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Spencer's plans for 'soccer-crazy' Portland
by Ridge Mahoney, February 7th, 2011 12:23AM

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TAGS:  mls, portland timbers

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[MLS Q&A] After five seasons as an assistant coach in Houston, John Spencer is heading into his first season as a head coach with expansion team Portland. About two weeks into preseason he took time discuss the transition for him, his players, and the organization in an interview with Soccer America's Ridge Mahoney.

SOCCER AMERICA: You were in the running for several head coaching jobs before landing this one. Are you disappointed not to get this chance sooner?

JOHN SPENCER:
I’ve been waiting for the right o pportunity to come along. I’ve been tipped for a couple of jobs and for whatever reason it never worked out, and that’s fine. It wasn’t a massive problem because I had a great job in Houston with [head coach] Dominic [Kinnear].”

SA: Timbers owner Merritt Paulson and technical director Gavin Wilkinson brought you up to Portland last year. How did they convince you that this was the right thing to do?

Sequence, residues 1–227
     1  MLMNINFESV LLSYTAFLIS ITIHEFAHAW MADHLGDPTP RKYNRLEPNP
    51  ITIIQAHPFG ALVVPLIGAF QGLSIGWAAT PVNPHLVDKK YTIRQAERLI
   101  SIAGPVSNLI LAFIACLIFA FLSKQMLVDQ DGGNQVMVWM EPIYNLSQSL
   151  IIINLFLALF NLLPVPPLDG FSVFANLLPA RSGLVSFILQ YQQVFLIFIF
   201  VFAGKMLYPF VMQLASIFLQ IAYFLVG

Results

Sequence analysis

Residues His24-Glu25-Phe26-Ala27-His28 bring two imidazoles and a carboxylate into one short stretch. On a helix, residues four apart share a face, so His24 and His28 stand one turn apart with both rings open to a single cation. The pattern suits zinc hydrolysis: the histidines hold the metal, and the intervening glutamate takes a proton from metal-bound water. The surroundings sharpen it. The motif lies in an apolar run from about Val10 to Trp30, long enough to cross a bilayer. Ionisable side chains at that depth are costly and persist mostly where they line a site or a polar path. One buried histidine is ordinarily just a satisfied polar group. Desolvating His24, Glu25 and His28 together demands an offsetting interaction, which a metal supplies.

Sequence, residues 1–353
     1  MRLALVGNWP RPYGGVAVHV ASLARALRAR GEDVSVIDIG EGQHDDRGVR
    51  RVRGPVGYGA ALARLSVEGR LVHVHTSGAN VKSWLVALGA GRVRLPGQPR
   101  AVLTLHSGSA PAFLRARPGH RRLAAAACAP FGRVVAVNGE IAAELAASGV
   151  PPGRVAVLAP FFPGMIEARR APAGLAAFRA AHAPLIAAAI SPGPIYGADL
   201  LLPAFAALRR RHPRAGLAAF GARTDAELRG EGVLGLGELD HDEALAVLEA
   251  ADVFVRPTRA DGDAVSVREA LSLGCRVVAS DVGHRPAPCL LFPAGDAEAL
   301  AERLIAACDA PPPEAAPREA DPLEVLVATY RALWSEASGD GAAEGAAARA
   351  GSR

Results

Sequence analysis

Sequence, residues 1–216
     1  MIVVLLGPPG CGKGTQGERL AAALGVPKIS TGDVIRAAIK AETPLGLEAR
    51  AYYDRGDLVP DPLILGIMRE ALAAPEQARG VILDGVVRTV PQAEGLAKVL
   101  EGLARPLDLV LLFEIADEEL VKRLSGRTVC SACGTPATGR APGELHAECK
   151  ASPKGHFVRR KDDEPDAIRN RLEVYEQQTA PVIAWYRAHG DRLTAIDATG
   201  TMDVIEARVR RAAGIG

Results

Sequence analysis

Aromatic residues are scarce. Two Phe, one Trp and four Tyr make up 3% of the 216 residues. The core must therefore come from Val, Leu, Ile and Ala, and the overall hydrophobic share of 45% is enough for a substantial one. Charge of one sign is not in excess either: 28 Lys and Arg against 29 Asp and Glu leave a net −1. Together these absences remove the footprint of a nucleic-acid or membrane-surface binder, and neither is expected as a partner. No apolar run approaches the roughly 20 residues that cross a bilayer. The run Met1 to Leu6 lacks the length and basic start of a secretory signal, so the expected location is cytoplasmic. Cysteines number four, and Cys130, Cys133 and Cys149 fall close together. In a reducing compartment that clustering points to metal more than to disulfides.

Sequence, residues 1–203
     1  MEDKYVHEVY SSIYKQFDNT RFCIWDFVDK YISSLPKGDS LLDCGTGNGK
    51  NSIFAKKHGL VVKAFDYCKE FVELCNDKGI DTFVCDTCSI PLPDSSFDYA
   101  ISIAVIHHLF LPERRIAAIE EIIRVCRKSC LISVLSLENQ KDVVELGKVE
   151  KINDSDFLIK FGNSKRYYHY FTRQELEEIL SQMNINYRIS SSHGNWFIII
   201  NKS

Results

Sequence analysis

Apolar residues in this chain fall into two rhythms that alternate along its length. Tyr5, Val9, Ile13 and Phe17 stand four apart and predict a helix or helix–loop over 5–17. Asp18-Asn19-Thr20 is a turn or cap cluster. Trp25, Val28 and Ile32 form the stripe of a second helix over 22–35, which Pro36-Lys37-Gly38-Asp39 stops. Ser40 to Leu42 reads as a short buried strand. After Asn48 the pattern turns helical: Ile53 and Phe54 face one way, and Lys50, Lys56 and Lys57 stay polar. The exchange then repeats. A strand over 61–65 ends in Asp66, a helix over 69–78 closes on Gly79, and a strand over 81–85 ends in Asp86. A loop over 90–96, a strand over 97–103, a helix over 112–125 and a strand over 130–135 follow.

SPENCER: Just the way they sold the club to me and the plans they had for the club. After having spoken to a number of people who played in Portland against the Timbers in the A-League and the Open Cup and stuff like that, they all said the city is soccer-crazy. I just felt it was the right time to move on and the right city to go to.

They showed me the drawings for the renovation for the stadium and the plans for the training facility, which is just outside the city. I went to a couple of games there and the atmosphere was electric. We’ve had a great fan base in Division II and now in MLS it can only get bigger. It’s a great part of the country for soccer, with Vancouver and Seattle and ourselves, and then the teams in California. It’ll be a very interesting place to play this year.”